Manish: Print media still has bigger effect. He suggests Web 2.0 companies should look at both print media and blogs for marketing.

Mike: The New York Times is crap.  .

Question: Can open API’s can bite you in the ass? (pardon my French, I’m just quoting here)  Giving away your best stuff, people won’t come back to your site – i.e. Google or Craigslist if the mashup is better.

Manish : Open API’s bring huge adoption.  Get users first then figure out how to make money.

Mike: At the same time ate least you can’t have negative margin – this could be Youtube’s problem.  There are essentially three types of business models:

  • advertising revenues
  • fees
  • no revenues at all

Tony: There were debates in the early days about email as a business, since it’s supposed to be free. But would Yahoo exists without email?

Jeff on network effect: Flickr, are used in a lot of other applications..

Question:  Is the barrier of entry different between Web 1.0 and Web 2.0? 

Mike: It’s become easy to to recreate applications.   I could hire offshore programmers and recreate Digg cheaply (especially considering Kevin’s own statement that it cost less then $1K to launch).  This is where the network effect and being first to market becomes important.  We need to understand how network effect and first to market are related.  Tony has the 8th or 9nth search engine (Sphere), Emily’s Tagworld is also a “latecomer” yet they have a chance to make it, they are not dependent on the network efffect of the huge existing user base, and they have new IP.  Digg is a different story, it’s not core IP, it’s all about the huge network effect.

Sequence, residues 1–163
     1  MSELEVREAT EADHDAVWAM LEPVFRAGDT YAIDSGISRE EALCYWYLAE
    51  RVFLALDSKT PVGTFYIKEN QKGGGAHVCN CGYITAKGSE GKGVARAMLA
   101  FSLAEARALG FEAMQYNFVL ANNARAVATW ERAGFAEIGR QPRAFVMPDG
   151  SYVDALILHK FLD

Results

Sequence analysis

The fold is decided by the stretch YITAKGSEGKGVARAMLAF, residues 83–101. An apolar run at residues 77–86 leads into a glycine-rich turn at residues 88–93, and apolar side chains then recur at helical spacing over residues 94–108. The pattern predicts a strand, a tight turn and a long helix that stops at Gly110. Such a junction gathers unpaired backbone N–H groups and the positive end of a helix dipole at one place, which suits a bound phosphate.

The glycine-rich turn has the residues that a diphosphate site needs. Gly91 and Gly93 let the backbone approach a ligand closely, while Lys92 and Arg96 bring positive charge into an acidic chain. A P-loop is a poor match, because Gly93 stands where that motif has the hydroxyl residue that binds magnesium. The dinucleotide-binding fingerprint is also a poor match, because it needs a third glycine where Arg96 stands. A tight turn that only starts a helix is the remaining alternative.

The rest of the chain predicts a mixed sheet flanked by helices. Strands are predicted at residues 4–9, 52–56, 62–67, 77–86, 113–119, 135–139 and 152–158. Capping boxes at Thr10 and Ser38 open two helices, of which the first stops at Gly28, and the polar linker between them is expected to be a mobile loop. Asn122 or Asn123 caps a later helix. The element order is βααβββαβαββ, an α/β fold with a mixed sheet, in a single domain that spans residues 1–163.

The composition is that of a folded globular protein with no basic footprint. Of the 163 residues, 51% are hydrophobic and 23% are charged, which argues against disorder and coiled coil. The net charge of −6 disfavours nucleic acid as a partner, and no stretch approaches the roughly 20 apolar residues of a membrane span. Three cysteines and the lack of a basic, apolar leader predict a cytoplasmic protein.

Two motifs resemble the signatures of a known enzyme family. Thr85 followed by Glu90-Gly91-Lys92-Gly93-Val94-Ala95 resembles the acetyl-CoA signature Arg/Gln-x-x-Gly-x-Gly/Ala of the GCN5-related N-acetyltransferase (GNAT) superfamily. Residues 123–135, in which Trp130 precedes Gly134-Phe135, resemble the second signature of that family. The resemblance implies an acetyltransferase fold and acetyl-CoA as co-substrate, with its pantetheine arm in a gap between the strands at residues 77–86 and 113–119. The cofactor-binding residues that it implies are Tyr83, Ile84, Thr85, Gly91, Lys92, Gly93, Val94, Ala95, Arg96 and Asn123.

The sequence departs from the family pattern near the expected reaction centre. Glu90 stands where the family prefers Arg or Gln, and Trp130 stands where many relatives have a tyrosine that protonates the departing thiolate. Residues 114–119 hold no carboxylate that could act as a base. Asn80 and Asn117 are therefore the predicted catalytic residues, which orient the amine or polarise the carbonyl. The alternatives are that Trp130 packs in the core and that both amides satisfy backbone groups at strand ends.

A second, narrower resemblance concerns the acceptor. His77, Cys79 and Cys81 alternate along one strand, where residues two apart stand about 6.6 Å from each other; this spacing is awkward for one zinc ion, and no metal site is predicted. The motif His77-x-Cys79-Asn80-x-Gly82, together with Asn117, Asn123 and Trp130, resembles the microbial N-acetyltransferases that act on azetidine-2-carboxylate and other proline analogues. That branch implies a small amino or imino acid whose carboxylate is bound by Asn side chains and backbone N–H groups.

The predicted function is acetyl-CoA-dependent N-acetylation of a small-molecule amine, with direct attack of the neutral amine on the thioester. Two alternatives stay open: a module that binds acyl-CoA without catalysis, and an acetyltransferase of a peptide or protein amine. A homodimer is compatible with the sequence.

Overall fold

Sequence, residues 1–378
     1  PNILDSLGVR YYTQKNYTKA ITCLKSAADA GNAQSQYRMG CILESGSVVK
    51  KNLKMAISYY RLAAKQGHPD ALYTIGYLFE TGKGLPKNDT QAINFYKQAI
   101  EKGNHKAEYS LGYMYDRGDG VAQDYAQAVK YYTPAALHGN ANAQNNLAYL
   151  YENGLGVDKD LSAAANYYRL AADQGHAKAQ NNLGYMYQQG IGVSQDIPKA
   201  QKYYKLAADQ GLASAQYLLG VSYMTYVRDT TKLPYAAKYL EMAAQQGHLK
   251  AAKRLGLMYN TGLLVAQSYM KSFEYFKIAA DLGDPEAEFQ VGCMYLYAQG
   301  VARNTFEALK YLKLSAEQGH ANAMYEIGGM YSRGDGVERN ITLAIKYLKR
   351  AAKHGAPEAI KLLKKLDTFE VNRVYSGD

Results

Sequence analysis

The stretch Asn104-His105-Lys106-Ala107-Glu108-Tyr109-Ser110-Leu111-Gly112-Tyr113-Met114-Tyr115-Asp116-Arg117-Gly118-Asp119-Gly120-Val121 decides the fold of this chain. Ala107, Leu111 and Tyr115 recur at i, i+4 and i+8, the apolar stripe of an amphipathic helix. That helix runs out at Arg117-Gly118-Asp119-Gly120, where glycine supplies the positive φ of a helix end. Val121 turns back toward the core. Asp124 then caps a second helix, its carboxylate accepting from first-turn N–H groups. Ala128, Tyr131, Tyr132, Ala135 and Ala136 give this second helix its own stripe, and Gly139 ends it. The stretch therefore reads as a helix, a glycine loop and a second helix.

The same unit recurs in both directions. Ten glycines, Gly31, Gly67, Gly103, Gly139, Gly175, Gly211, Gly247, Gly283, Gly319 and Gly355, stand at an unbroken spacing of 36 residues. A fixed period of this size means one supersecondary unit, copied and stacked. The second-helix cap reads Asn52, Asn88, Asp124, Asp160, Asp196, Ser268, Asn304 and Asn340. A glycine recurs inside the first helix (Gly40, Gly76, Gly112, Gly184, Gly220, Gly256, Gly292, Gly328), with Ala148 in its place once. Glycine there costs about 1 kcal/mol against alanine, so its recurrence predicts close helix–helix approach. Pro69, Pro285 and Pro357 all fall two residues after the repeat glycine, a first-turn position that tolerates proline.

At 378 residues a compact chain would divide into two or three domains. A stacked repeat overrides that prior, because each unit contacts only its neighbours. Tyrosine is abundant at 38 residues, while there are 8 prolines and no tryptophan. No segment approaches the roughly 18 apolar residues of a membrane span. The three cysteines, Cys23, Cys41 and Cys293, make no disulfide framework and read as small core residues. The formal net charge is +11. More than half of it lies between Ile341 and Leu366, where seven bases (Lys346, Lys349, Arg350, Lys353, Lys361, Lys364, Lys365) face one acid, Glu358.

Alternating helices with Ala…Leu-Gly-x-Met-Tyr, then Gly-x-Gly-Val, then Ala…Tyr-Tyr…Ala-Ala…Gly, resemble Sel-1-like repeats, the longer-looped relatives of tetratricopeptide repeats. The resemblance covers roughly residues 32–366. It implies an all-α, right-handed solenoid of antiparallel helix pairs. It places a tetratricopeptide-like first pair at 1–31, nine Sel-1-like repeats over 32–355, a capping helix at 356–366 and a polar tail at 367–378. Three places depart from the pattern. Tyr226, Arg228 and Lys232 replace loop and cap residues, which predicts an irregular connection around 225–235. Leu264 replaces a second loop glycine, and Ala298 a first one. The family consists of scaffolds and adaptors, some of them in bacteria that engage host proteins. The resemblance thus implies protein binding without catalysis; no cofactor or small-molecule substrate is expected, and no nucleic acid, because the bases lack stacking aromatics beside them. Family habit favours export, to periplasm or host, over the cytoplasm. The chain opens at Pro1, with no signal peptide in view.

Kevin: There are too many copycats doing he same things…like online notepads… Disagreeing with Mike, does not see value in being a me-too, startup should do new things.

Out of time, (session got cut short due to security for the Schwarzenegger keynote) Mike asked all panelists to name their favorite Web 2.0 companies (except their own).  The list:

Flickr, Myspcae, Digg, Digg Spy, (yes it is part of Digg, but Emily made the point of specifically listing Spy) TechCrunch, Youtube, Akismet, WordPress,, Riya, Skype.

If you were a panelist /participant in the discussion and I misinterpreted you, please feel free to correct / expand on your ideas in the form of comments.  Thanks.